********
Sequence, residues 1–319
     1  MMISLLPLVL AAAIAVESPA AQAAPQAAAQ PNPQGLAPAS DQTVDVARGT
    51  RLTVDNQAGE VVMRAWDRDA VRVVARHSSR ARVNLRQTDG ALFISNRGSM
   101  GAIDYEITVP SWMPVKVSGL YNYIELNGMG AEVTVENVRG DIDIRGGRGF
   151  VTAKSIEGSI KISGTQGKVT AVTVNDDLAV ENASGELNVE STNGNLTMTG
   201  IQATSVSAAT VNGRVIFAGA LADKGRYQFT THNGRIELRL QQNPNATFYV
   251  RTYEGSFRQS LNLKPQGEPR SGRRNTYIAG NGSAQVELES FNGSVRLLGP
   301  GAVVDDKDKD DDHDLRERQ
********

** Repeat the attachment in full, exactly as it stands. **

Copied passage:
Sequence, residues 1–319
     1  MMISLLPLVL AAAIAVESPA AQAAPQAAAQ PNPQGLAPAS DQTVDVARGT
    51  RLTVDNQAGE VVMRAWDRDA VRVVARHSSR ARVNLRQTDG ALFISNRGSM
   101  GAIDYEITVP SWMPVKVSGL YNYIELNGMG AEVTVENVRG DIDIRGGRGF
   151  VTAKSIEGSI KISGTQGKVT AVTVNDDLAV ENASGELNVE STNGNLTMTG
   201  IQATSVSAAT VNGRVIFAGA LADKGRYQFT THNGRIELRL QQNPNATFYV
   251  RTYEGSFRQS LNLKPQGEPR SGRRNTYIAG NGSAQVELES FNGSVRLLGP
   301  GAVVDDKDKD DDHDLRERQ